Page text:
The fact is no matter how hard these people work there are fewer middle-class jobs for relatively unskilled workers to move into today. Many of those whom we featured in our reporting know this. "No man, I am not doing OK. If I was doing OK I would be doing something else," Nahimana Hakizimana, a Seattle security guard earning $11 an hour, told me earlier this year. "I don't really think if I keep doing exactly what I am doing I can reach the middle class."
To avoid losing readers' engagement with these people's daily lives and their financial dilemmas, we spent days and weeks paring down research on a specific policy issue to just a few nuggets of critical information. While it's not uncommon for a narrative story to contain only a few lines about research, in our articles a person's story might dominate the text, but the empirical findings would define the story's broader significance.
To steer clear of stereotypes common in much of today's poverty reporting, I backed away from working with nonprofits and their agendas and hunted for people whose lives fit into our reporting in unexpected areas. For example, I found a factory worker at a local high school and poverty-level employees working at a leading law firm and government agencies. The most fertile ground was among caregivers, such as a social services worker who didn't serve her own children meat often because it cost too much and a child-care teacher earning less than $12 an hour after a quarter century in the business.
Despite an already lean newsroom, the newspaper launched "Hard Work, Hard Times: The Plight of Puget Sound's Working Poor" with an impressive commitment: a team of two full-time reporters, another part-time reporter, and one lead editor. Senior newsroom editors believed in the project's goal of uncovering the extent of working poverty in the region and regularly pushed to buy extra space for these stories.
When the team and newsroom leaders disagreed, it was often about time — because these stories took a lot of it. I've written fast — as many as six stories a day when I was at Bloomberg News — but now my pace was slower, in part because what we were trying to do with this series was to answer difficult and fundamental questions about what creates poverty. For example, editors wanted to kick off the project with a definitive count of Seattle's working poor and the forces behind their struggles by the end of 2004. As it turned out, we didn't publish our leadoff article until February 2005.
This delay in timing between what editors expected and what we were able to accomplish — given the reporting, our research about underlying social and economic trends, thinking and writing — became a recurring theme for a while. By midyear, though, we'd found a balance. I fed the newspaper a steady diet of smaller stories, while we grappled with some of the overarching issues, such as the rise of poor elderly women in the workforce and the fact that access to four-year colleges has improved little for low-income students during the past three decades.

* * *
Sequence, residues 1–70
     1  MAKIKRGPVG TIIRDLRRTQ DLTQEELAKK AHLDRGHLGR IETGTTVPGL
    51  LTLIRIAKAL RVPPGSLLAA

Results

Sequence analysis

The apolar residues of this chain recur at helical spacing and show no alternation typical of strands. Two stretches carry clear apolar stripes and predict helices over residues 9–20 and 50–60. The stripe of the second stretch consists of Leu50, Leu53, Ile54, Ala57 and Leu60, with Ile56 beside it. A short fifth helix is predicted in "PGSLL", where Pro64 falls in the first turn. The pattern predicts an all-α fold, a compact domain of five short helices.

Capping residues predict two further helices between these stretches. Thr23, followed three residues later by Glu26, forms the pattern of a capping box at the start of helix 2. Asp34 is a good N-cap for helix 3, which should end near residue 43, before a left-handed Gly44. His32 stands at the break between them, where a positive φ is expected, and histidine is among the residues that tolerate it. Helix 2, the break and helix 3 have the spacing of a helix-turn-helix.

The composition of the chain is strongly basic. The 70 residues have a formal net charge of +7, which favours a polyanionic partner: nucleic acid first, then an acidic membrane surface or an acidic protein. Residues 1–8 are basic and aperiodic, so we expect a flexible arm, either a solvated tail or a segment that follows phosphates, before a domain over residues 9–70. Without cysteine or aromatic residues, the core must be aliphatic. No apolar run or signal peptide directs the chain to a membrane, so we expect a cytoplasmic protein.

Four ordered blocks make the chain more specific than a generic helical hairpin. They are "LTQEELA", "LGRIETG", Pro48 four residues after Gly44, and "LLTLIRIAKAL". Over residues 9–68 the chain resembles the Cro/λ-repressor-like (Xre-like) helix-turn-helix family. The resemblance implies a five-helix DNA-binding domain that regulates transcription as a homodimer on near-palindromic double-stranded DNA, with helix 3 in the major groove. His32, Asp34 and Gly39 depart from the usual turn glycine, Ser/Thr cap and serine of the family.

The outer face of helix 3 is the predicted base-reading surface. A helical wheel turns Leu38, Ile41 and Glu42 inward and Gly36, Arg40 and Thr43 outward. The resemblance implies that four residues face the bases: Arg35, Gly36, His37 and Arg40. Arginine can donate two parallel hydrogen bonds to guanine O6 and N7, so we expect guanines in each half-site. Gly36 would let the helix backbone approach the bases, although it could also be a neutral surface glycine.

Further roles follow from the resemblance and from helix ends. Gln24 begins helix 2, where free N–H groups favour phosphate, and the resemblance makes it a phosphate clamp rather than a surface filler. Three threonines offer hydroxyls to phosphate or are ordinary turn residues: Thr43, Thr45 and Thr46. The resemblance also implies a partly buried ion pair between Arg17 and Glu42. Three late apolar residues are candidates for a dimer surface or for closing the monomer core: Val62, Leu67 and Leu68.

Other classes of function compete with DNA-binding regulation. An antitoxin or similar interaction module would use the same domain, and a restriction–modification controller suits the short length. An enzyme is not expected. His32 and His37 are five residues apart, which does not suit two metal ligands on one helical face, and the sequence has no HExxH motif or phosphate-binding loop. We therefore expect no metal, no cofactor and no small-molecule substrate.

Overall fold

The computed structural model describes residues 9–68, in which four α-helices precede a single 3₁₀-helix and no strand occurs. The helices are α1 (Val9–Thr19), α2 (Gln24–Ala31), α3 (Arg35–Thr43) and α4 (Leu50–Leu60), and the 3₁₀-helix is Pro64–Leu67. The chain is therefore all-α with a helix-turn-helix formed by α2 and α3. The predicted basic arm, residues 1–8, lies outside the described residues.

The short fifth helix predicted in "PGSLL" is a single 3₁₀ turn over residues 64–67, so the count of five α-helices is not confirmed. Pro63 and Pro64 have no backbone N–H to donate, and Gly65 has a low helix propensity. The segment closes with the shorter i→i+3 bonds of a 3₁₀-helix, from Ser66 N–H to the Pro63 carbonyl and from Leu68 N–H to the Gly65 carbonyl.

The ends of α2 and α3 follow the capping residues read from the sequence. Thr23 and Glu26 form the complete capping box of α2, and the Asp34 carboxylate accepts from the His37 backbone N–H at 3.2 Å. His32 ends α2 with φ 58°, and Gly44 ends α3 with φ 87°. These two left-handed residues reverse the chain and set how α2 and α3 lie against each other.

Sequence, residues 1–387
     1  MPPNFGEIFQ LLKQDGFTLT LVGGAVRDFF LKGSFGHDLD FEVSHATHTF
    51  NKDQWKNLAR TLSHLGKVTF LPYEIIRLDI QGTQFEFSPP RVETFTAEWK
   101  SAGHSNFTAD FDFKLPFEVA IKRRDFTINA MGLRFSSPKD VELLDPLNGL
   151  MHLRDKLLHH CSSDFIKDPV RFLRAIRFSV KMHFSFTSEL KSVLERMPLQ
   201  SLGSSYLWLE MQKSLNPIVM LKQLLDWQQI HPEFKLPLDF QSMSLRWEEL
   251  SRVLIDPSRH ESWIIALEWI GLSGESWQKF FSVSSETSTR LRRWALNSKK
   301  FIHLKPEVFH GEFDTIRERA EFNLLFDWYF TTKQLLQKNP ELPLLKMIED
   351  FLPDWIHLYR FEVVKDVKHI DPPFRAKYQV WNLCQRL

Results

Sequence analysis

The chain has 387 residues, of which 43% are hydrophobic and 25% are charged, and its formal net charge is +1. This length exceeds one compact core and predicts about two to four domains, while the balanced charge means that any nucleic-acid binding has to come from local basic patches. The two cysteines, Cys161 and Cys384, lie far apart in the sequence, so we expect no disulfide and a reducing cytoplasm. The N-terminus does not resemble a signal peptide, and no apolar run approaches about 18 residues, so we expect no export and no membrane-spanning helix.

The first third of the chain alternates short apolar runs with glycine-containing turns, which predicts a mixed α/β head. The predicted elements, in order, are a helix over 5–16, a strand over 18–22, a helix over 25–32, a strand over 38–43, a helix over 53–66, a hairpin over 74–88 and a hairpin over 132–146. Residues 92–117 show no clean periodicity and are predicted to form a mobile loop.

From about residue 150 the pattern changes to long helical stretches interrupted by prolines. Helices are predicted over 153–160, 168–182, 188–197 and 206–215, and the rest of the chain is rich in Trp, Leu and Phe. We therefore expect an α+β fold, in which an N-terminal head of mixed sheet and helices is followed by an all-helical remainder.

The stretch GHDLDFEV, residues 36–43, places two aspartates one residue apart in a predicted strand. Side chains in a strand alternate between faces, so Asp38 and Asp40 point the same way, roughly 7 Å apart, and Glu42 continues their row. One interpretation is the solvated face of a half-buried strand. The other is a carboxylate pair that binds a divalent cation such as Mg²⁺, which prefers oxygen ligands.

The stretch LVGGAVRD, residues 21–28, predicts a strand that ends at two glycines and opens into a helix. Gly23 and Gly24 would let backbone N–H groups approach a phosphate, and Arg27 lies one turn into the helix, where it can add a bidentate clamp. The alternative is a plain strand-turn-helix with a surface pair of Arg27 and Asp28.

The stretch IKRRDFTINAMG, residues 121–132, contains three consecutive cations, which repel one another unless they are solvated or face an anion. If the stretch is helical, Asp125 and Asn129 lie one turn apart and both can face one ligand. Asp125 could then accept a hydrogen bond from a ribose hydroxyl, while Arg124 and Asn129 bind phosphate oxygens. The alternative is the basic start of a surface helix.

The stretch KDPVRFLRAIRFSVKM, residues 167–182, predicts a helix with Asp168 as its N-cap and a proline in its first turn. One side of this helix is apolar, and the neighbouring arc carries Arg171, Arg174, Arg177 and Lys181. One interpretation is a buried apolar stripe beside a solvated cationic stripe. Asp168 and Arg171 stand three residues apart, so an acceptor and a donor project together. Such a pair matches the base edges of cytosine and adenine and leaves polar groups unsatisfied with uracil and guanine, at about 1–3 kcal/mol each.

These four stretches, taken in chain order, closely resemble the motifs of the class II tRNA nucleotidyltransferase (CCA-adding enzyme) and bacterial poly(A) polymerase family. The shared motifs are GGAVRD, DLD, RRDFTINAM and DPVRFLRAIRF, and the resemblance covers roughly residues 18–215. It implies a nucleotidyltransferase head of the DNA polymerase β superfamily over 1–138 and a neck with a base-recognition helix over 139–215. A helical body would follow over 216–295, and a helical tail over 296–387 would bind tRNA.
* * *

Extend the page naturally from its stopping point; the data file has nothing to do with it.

Now, management wants to move on. Having devoted a year to this exploration of the people and forces involved with the working poor, they want our newspaper to tackle other issues. Editors show little interest in extending the social and economic topics that emerged as part of this project into a full-time beat.
Like newspapers across the country, the Seattle Post-Intelligencer is trying to attract readers and keep its aging subscribers. For us, and I suspect other newspapers, this has meant reorganizing the newsroom to cover the middle class and their concerns — the public schools, the economy, shopping and personal health. As the publisher leads this effort to keep our newspaper alive, he has precious few resources, since our newsroom was lean long before being so lean came into vogue.
It is possible, though, that the working poor hold some future promise as a news story. I noticed while looking at some Washington state data that six of the 15 jobs most in demand around Seattle pay less than $30,000 a year. These are the kinds of people who are keenly interested in any help-wanted ads.
After having devoted a year to coverage of the working poor and the challenges they confront, my hope is to be able to merge, whenever possible, coverage of the middle class and the poor. Though I expect to spend the next year writing about middle-class families, a group our marketers say still reads newspapers, I have basically offered management a deal. I will tackle the reader-rich middle class; just let me pick away at stories about people who are a few rungs down on the economic ladder, who inhabit the increasingly crowded world of low wages. There are fewer rungs between the two groups each year anyway.
Paul Nyhan is a reporter at the Seattle Post-Intelligencer.